In a bit, during the prayers of intercession, it’s possible that we’ll name who you’re thinking about. Every year on this day, we read the names of members of this community who have died or the names of people this community has commended to God and buried. But I know this list is incomplete. It doesn’t include all the people in our lives who’ve died. It doesn’t include the beloved friends, the loyal companions, the devoted fathers, or distant brothers we wish we had connected with more. And the list doesn’t include the ones who died years ago and who we’ll always miss. If we tried to compose a complete list of all our loved ones who have passed, I’m sure when next Sunday rolled around, we would still be here, listening as the names keep coming. Death and loss, grief and pain - those things aren’t alien to us because we still live. We’re still here. Living doesn’t mean we’re not dead. Living means we’re going to experience death in all it’s forms. In our lives, we will face death and, like Jesus, weep. 

Now, the text doesn’t specify exactly why Jesus weeps. And in the parts that follow, Jesus’ tears don’t seem to match with what comes next. When he goes to the tomb and orders Lazarus to come out - Jesus sounds confident. He’s not shaky. He doesn’t say, “Okay, Lazarus - if you can, please come out.” No, Jesus commands. He shouts. He acts like he knows that Lazarus will come out. So death, for Jesus, can’t be as final as it feels to us. He isn’t carrying guilt knowing that he’ll never be able to fix that relationship with his beloved friend. Jesus will never worry about those words he said to his dear friend when they last saw each other. And Jesus doesn’t carry any remorse because he didn’t make enough time to spend with his friend and now he’ll never get that chance. We know that Jesus gets that chance with Lazarus. Lazarus is brought back to life. Jesus’ confidence tells me that he knew this even before Mary called him. But even with that confidence - Jesus still weeps. 

There’s something about death that, at its core, breaks God’s heart. So maybe that’s why God had to swallow death up - not to end our tears, but to mend God’s own heart. Because God is a God who creates - a God who builds. God didn’t start the world by destroying something first. God took the chaos - faced that darkness - and God brought light. Bringing light - bringing life - bringing hope even in the midst of loss, fear, and tears - that’s what God does. In the tombs that we find ourselves in - from the walls of doubt and pain, sorrow and sin, suffering and anxiety that we place around ourselves - even in the darkest places of our own souls - Jesus opens ours tombs and God’s light comes in.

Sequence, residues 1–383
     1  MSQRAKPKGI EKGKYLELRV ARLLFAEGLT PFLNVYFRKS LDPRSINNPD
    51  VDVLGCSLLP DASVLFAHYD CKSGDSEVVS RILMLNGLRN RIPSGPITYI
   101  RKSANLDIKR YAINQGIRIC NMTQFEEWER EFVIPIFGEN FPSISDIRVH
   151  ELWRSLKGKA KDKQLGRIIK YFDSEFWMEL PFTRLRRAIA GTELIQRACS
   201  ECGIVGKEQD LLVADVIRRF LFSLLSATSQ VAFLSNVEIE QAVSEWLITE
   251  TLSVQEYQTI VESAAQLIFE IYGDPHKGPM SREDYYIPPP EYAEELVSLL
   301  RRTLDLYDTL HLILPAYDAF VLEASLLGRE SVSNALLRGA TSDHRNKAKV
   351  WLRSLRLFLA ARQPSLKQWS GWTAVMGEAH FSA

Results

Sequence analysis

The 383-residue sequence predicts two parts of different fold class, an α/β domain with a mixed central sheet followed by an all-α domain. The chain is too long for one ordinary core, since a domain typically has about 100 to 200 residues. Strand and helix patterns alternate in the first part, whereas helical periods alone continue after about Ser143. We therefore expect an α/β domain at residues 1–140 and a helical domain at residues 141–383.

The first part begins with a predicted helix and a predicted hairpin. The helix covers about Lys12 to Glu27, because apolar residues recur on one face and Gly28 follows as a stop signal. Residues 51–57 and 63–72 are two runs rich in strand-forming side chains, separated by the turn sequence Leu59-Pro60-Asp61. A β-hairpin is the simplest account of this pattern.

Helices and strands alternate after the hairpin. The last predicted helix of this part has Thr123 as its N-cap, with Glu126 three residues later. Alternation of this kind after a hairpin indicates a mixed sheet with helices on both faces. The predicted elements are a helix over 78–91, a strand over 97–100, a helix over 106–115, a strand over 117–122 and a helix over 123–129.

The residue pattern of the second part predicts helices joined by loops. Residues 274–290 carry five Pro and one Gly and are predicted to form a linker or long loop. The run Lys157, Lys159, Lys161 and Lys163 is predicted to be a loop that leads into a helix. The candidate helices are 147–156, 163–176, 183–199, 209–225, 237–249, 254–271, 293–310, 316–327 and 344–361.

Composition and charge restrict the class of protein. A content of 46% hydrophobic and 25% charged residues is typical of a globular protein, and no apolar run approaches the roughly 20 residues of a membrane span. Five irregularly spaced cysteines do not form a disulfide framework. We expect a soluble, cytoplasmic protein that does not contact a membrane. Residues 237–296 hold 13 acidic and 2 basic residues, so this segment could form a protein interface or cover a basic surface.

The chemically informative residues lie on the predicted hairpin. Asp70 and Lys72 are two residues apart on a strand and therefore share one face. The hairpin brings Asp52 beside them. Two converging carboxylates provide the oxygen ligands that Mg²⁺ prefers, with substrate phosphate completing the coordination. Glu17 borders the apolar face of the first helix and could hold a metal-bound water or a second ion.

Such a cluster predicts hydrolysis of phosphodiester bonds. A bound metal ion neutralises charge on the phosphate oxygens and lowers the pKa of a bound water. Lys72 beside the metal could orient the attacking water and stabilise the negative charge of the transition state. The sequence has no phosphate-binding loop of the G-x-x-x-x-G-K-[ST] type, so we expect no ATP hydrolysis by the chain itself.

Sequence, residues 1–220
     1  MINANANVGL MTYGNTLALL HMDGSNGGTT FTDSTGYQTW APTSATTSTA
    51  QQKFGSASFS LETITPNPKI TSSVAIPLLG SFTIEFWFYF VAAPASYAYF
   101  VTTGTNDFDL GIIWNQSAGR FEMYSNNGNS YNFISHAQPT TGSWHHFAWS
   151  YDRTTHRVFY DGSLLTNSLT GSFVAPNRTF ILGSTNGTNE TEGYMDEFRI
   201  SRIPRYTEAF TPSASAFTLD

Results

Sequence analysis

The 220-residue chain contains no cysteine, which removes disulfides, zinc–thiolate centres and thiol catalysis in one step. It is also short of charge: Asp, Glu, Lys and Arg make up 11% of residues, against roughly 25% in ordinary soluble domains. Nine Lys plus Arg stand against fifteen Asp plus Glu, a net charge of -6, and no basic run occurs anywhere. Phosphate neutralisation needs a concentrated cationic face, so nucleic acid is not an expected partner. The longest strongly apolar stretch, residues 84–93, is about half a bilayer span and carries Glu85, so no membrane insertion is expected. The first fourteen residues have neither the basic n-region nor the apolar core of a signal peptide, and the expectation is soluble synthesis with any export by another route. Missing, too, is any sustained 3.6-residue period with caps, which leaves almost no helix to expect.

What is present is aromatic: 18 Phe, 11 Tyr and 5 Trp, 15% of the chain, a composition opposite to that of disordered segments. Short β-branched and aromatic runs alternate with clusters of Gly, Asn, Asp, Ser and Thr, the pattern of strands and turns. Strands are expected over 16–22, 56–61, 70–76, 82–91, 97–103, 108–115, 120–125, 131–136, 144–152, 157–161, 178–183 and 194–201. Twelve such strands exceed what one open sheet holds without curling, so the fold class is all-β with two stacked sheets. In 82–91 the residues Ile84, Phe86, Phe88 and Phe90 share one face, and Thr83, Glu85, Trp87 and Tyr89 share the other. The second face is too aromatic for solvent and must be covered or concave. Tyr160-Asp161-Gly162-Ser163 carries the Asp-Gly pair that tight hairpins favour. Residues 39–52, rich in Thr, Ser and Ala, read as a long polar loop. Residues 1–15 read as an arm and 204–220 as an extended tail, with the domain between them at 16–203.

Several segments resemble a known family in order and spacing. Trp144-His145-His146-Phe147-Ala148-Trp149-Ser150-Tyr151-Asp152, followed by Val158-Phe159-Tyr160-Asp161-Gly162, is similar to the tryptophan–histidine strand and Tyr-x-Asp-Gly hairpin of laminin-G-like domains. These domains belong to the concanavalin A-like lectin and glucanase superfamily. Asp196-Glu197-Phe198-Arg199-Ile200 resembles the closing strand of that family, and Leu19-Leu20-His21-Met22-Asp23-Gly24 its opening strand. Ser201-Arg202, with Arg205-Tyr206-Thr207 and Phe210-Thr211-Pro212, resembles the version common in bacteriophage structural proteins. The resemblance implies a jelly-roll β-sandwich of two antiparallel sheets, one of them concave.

The shortest verse in the bible - where Jesus weeps - is, in some ways, where Jesus is the most human. It’s also where he is his most divine. It’s where the phrase “God is love” becomes real. Jesus didn’t need to weep, but he did. God’s heart doesn’t need to break, but it does. The places and times in our lives when we are our most human is also the places and times when God is the most divine. Because God could have let the brokenness just happen. God could have ignored the finality of death, ignored the pain it causes, and not experience it as we do. God’s Son could have run from death. But he doesn’t. He came to live through it. He came, as we say every time when we confess our faith in the Apostles’ Creed, to ‘descend to the dead.’ He came to experience what we all experience: the brokenness, the fear, the broken hearts, and that giant void of death that scares and frightens us. And it’s there, in death, that his light burns brightest. 

It’s that light that our loved ones now call home. And it’s one of the reasons why we light candles on this day. But this light isn’t just a light for our future. It isn’t a light that we have to literally die for. It’s a light that we, as members of the body of Christ, are experiencing right now. The flame we hold in our hands and place in the sand is not just the flame of our beloved spouse, parent, or child. When we look into the flame, we are looking at them and at us. We, in our baptism, in our faith, are joined with all of those who came before and all of those who are to come. In God’s light, the past, future, and present condense into a single flame. And that flame is something that we are a part of right now. It’s the same flame that fed our loved ones and it’s the same flame that feeds those who we’ll leave behind. We’re caught up in a God where the bumps and rattles of our lives can’t knock us out of the hands of the one who has us. The shortest verse in the bible doesn’t remind us how short our lives on earth are. The shortest verse in the bible shows just how vast our future in God will be.